Update of /cvsroot/plplot/www/announce
In directory sc8-pr-cvs1.sourceforge.net:/tmp/cvs-serv10273
Better wording for xwin driver entry
--- NEW FILE: announce-plplot-5.1.0.html ---
<!DOCTYPE HTML PUBLIC "-//W3C//DTD HTML 4.0//EN">
<title>Announcement of PLplot-5.1.0</title>
<h1>Announcement of PLplot-5.1.0</h1>
<p>7 months and 500+ CVS commits after PLplot-5.0.4 it is time for another
stable release of this publication-quality scientific plotting package.</p>
<li>What: PLplot-5.1.0 release (source tarball and RedHat 7.1 and Mandrake 8.1 source and binary rpm's).</li>
<li>Where: <a href="http://sourceforge.net/project/showfiles.php?group_id=2915">http://sourceforge.net/project/showfiles.php?group_id=2915</a>.</li>
<li>When: 2002 January 31.</li>
<li>Why: New features, improved features, and bug fixing.</li>
<li>Who: The PLplot core development <a href="http://sourceforge.net/project/memberlist.php?group_id=2915">team</a>
with additional help from
<a href="mailto:svensson@... Svensson</a> and
<a href="mailto:mirone@... Mirone</a>
<h2>Important Changes to Existing Features</h2>
The Windows port of PLplot has been completely refurbished. PLplot now
runs on Windows 98 (and perhaps even Windows 95 although that is untested),
Windows NT, and Windows 2000. See plplot/sys/win32/msdev/README.TXT and
plplot/sys/win32/msdev/INSTALL.TXT for details. Please direct all
questions about this Windows port to Olof Svensson.
The examples were extensively expanded for each front end to be the
union of the previous results for all front ends. For example, you should
now expect to get the same results for the 10 pages of the contouring
(ninth) example regardless of whether you are running that example from Tcl,
C, Python, Java (and eventually C++, Fortran, and Perl).
We have finished converting all Python examples to use the Numeric module (from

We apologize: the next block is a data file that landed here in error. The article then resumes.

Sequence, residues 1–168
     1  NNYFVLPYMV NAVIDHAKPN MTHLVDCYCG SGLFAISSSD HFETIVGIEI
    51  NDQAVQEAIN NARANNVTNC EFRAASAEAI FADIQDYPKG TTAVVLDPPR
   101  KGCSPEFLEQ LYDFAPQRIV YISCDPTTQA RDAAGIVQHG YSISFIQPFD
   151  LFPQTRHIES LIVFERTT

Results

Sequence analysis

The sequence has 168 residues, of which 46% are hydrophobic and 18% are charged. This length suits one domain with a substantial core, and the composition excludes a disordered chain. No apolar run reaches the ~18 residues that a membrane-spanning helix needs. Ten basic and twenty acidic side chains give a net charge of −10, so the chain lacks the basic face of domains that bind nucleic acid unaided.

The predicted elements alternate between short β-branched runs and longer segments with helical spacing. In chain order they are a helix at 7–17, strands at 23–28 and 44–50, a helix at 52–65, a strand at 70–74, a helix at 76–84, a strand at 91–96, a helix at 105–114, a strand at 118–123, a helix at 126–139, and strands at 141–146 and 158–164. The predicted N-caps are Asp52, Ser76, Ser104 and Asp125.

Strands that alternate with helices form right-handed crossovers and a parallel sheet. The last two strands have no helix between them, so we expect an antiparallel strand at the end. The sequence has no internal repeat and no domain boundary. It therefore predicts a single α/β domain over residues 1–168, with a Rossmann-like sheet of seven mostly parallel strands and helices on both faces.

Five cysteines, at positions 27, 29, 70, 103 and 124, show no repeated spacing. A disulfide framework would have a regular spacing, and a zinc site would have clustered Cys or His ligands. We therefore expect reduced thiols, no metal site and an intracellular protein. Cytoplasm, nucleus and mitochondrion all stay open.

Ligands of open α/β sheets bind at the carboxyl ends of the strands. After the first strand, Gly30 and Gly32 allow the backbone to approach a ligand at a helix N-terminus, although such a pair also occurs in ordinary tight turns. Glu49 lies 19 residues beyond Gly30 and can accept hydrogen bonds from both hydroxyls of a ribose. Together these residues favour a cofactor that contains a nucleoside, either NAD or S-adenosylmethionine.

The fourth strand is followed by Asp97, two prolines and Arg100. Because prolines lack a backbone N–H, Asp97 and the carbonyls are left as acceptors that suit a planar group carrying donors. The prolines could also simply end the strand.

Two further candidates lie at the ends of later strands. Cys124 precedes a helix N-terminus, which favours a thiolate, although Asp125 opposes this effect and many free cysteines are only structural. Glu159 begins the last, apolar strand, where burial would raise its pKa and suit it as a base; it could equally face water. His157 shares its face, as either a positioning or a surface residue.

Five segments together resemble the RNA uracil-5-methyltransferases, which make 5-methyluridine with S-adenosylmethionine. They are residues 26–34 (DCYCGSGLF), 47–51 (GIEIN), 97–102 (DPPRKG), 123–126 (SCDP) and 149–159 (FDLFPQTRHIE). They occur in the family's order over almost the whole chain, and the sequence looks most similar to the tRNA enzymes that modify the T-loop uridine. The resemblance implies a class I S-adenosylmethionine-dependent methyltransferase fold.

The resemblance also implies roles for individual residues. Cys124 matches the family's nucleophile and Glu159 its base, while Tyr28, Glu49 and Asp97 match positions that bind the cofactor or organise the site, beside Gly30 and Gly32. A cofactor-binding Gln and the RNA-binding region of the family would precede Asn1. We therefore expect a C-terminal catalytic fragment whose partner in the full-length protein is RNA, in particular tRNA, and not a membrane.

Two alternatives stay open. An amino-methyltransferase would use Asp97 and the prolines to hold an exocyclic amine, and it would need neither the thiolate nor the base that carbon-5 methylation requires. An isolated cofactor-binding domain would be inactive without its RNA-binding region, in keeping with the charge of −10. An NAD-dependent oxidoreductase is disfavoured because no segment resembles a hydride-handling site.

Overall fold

the Numpy project) wherever possible. This module allows high-level array
manipulations at C speeds that are quite useful in preparing data to be
plotted. The xw??.py examples are no longer stand-alone scripts. Instead,
they are now organized as modules that are imported into python scripts such
as pythondemos.py or prova.py.
API change: plxormod now returns a status.
plssub now no longer has a forced page advance inside it (which was
confusing some drivers). More specific page initialization is used inside
of plssub instead. If this change causes you some problems, see the
examples for the proper way to terminate pages and sub-pages.
We no longer support the variety of make commands on the
non-GNU/Linux unices. Instead, we now only
support the GNU version of make which
is well <a href="http://www.gnu.org/software/make/make.html">documented</a> and which
can be downloaded from <a href="ftp://ftp.gnu.org/pub/gnu/make">ftp://ftp.gnu.org/pub/gnu/make</a>.
The DocBook API chapter (and the man pages and Octave help
built from that chapter) now
have complete documentation of the meaning of the function parameters.
The overall documentation
and our <a href="http://plplot.sourceforge.net">website</a> content have been improved as
<h2>Important New Features</h2>
A new cgm (Computer Graphics Metafile) driver has been added. This relies on libcd.a which is not